wherein we agree enough to be the ground of every Christian temper
and of every Christian action.

O brethren, let us not still fall out by the way! I hope to see you
in heaven. And if I practice the religion above described, you dare
not say I shall go to hell. You cannot think so. None can persuade
you to it. Your own conscience tells you the contrary. Then, if we
cannot as yet think alike in all things, at least we may love alike.
Herein we cannot possibly do amiss. For of one point none can doubt
a moment, — ‘God is love; and he that dwelleth in love dwelleth in
God, and God in him.’

17. In the name, then, and in the strength of God, let us resolve
first, not to hurt one another; to do nothing unkind or unfriendly
to each other, nothing which we would not have done to ourselves.
Rather let us endeavor after every instance of a. kind, friendly,
and Christian behavior towards each other.

Let us resolve secondly, God being our helper, to speak nothing
harsh or unkind of each other. The sure way to avoid this is to say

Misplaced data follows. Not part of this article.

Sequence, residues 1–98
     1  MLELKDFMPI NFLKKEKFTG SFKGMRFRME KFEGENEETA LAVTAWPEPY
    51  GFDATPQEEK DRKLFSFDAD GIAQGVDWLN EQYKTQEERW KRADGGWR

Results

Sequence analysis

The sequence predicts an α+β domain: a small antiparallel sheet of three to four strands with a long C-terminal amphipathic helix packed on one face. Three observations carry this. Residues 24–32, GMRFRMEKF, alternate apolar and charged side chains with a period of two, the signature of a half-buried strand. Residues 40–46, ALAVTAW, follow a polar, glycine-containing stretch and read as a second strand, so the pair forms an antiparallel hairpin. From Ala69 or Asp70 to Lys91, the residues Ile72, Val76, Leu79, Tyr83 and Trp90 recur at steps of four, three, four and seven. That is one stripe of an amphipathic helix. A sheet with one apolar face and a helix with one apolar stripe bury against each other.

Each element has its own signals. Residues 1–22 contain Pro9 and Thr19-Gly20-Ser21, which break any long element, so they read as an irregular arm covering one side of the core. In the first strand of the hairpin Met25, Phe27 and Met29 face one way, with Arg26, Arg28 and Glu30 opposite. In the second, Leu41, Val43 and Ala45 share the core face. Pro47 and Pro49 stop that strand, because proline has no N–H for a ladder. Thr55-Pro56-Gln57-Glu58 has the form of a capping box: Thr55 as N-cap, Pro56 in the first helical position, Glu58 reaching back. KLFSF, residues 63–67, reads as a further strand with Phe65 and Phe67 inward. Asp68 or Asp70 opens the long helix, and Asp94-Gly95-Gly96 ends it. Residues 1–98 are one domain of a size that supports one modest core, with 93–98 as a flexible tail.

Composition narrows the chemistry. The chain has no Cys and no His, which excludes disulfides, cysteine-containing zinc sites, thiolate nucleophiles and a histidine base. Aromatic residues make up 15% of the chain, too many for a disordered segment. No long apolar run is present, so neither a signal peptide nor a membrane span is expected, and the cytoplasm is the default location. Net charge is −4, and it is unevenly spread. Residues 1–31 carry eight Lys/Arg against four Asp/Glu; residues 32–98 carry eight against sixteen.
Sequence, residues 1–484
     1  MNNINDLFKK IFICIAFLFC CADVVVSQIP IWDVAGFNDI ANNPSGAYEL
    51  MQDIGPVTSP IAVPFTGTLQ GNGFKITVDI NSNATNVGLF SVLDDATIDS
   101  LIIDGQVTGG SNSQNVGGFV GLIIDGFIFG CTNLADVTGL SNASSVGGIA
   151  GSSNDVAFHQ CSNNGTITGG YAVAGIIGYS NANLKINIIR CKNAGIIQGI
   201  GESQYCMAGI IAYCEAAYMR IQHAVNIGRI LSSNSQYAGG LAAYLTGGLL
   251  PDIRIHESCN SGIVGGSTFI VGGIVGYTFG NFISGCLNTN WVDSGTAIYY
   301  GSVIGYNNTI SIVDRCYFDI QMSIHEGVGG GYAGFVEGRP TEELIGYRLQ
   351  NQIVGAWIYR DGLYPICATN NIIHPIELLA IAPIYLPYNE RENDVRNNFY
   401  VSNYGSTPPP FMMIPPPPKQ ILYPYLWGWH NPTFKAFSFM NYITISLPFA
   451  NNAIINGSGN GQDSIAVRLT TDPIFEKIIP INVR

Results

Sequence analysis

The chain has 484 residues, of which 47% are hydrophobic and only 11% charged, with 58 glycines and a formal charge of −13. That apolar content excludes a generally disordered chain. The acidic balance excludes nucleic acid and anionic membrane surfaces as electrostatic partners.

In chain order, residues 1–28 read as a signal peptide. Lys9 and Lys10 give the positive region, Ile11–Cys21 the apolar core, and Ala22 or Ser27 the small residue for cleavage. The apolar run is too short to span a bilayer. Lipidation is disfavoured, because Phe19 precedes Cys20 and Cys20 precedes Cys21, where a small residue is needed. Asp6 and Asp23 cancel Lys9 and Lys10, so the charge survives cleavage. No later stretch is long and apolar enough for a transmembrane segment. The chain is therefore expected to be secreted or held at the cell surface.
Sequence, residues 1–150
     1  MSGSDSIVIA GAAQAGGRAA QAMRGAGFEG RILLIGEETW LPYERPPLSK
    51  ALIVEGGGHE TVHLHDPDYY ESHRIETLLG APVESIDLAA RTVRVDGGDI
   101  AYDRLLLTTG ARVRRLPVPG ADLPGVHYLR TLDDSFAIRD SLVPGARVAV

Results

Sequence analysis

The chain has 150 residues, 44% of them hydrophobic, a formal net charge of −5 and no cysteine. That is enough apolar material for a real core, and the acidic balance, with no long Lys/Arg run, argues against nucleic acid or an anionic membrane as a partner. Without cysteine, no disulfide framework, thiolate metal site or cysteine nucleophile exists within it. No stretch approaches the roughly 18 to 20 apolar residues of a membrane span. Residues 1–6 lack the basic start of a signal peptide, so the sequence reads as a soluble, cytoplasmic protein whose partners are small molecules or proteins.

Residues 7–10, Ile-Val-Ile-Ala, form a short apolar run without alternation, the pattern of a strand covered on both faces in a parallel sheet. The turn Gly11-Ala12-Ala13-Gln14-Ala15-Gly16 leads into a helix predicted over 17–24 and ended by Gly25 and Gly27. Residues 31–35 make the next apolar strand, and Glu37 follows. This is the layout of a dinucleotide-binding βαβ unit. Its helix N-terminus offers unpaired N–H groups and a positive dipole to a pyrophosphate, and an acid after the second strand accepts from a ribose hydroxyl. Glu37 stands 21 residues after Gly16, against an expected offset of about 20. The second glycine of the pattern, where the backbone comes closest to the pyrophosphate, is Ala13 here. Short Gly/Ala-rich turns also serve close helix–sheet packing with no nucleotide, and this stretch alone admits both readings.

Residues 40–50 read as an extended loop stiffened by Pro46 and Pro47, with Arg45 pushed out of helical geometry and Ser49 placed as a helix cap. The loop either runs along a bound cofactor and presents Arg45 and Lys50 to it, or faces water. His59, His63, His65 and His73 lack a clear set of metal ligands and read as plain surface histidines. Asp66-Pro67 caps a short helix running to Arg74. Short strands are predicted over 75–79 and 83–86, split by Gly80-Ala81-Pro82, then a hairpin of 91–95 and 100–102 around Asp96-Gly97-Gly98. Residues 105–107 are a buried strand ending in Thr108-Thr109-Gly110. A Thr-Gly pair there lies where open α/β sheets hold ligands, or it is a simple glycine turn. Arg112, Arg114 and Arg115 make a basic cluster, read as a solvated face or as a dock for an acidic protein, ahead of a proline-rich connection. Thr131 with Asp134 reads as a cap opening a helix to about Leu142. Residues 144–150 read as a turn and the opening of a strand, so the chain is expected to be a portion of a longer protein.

all the good we can both of and to one another; in all our
conversation, either with or concerning each other, to use only the
language of love to speak with all Softness and tenderness, with the
most endearing expression which is consistent with truth and
sincerity.

Let us, thirdly, resolve to harbor no unkind thought, no unfriendly
temper, towards each other. Let us lay the axe to the root of the
tree; let us examine all that rises in our heart, and suffer no
disposition there which is contrary to tender affection. Then shall
we easily refrain from unkind actions and word~ when the very root
of bitterness is cut up.

Let us, fourthly, endeavor to help each other on in what­ever we are
agreed leads to the kingdom. So far as we can, let us always rejoice
to strengthen each other’s hands in God. Above all, let us each take
heed to himself (since each must give an account of himself to God)
that he fall not short of the religion of love, that he be not
condemned in that he himself approveth. O let you and I (whatever
others do) press on to the prize of our high calling! that, being
justified by faith, we may have peace with God through our Lord
Jesus Christ; that we may rejoice in God through Jesus Christ, by
whom we have received the atonement; that the love of God may be
shed abroad in our hearts by the Holy Ghost which is given unto us.
Let us count all things but loss for the excellency of the knowledge
of Jesus Christ our Lord; being ready for Him to suffer the loss of